Cars

VW Gives its Beach Buggy a Futuristic Makeover

The classic VW beach buggy goes under the knife!

Buggies, way back when, used to be a fairly common sight. Granted we’re talking about the heydays of the 80s (which was uncomfortably long ago, we admit), but they were still somewhat common. Of course, they’re extremely weather dependent, and lend themselves better to the West Coast sun of the USA rather than the cities of Sweden, for example.

What’s pretty good news for us South Africans, then – since we’re blessed with a fairly fantastic climate for more than half the year– is that VW is resurrecting the dune buggy concept and injecting it with a bit of 21st century tech.

The German brand took their ID Buggy to the 2019 Geneva Motor Show to show off the very eye-catching concept, and also reveal a bit more about what they’ve got planned for the vehicle’s platform.

VW ID BUggy

As the picture shows, it has the iconic roofless, airy cabin of yesteryear’s buggies, but it’s also got an aesthetic that makes it look like it could be in some sci-fi movie. It departs from the smaller dimensions of older buggies quite substantially, too. Generally they were somewhat of a cross between the size of an actual car and a golf cart, but the ID Buggy is closer to a smaller, open-air SUV rather than a lightweight beach crawler.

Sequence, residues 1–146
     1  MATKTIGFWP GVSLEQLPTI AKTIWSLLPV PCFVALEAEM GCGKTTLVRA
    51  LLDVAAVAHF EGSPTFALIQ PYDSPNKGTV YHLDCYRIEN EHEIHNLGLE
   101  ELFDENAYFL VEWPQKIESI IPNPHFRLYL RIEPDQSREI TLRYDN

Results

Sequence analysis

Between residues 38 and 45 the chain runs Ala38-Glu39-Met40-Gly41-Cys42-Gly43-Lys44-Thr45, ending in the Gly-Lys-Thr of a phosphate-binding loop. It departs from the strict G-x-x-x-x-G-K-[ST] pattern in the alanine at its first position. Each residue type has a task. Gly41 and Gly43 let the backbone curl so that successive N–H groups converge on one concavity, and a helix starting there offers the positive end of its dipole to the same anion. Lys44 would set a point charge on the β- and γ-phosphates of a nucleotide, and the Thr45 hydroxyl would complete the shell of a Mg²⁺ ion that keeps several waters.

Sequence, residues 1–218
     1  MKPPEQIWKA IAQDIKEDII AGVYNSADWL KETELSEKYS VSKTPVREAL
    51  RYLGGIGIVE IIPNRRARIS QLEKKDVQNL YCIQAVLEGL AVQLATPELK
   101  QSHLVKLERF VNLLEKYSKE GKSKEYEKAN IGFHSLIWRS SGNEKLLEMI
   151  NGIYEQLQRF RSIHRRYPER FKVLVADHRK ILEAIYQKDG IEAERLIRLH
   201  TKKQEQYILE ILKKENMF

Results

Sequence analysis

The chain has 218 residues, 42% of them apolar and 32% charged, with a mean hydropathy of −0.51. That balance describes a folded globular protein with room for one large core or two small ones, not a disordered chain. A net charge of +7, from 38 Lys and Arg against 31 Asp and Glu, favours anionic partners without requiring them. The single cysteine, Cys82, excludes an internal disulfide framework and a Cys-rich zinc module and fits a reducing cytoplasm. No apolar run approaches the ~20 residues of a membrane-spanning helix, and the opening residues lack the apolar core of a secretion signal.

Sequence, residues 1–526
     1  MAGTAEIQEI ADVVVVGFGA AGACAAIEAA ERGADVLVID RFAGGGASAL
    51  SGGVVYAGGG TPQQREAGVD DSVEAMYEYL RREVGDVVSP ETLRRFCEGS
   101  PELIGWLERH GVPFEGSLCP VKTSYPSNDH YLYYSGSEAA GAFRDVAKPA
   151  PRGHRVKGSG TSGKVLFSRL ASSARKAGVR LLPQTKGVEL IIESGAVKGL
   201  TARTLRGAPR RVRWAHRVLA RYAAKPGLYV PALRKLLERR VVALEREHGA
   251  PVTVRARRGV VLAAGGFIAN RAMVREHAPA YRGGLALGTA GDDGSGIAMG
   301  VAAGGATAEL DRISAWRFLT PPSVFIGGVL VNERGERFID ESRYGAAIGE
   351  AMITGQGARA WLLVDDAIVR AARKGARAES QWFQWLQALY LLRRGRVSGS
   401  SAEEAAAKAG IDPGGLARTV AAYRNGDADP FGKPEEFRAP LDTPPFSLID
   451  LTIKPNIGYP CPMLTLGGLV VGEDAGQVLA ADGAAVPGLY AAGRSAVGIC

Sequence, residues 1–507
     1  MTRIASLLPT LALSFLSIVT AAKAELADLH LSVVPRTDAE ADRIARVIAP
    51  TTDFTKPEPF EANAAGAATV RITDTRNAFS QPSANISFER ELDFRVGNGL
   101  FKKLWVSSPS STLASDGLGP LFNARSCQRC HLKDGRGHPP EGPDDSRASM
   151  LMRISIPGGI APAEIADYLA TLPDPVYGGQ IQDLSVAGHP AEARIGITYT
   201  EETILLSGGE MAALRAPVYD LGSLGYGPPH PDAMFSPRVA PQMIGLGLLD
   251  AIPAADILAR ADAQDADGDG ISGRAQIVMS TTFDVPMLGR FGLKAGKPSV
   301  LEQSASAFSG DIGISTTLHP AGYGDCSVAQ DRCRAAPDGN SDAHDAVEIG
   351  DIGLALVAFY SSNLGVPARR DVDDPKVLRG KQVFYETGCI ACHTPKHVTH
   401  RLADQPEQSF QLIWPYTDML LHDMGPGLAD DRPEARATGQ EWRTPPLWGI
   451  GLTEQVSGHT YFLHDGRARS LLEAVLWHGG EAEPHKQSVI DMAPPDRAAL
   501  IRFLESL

In keeping with the futuristic image, VW plans to have the ID Buggy powered by an all-electric powertrain, although they haven’t provided precise information about its specs.

More interestingly, though, is that the ID Buggy showcased VW’s ‘Modular Electric Toolkit’, which is a vehicle platform the company will allow others to use if they want to create an innovative new car model. Effectively, the functional parts hidden beneath the panels will be standardised, but the chassis and exterior is open to design.

The cool part about this is that someone can design a niche concept car (much like the ID Buggy itself) and instead of worrying about making it a financially viable option in an existing mega-company like VW, they can just use VW’s platform but come up with a creative design. So, while the ID Buggy is unlikely to be a mass-produced car any time soon, it does give us a view of what is capable with the Toolkit VW will release to the public.

Capetonians and Durbanites will probably be a little disappointed to hear they won’t be able to pick up an ID Buggy at their closest VW showroom soon – but perhaps the popularity of the concept will encourage VW to consider a commercial model!

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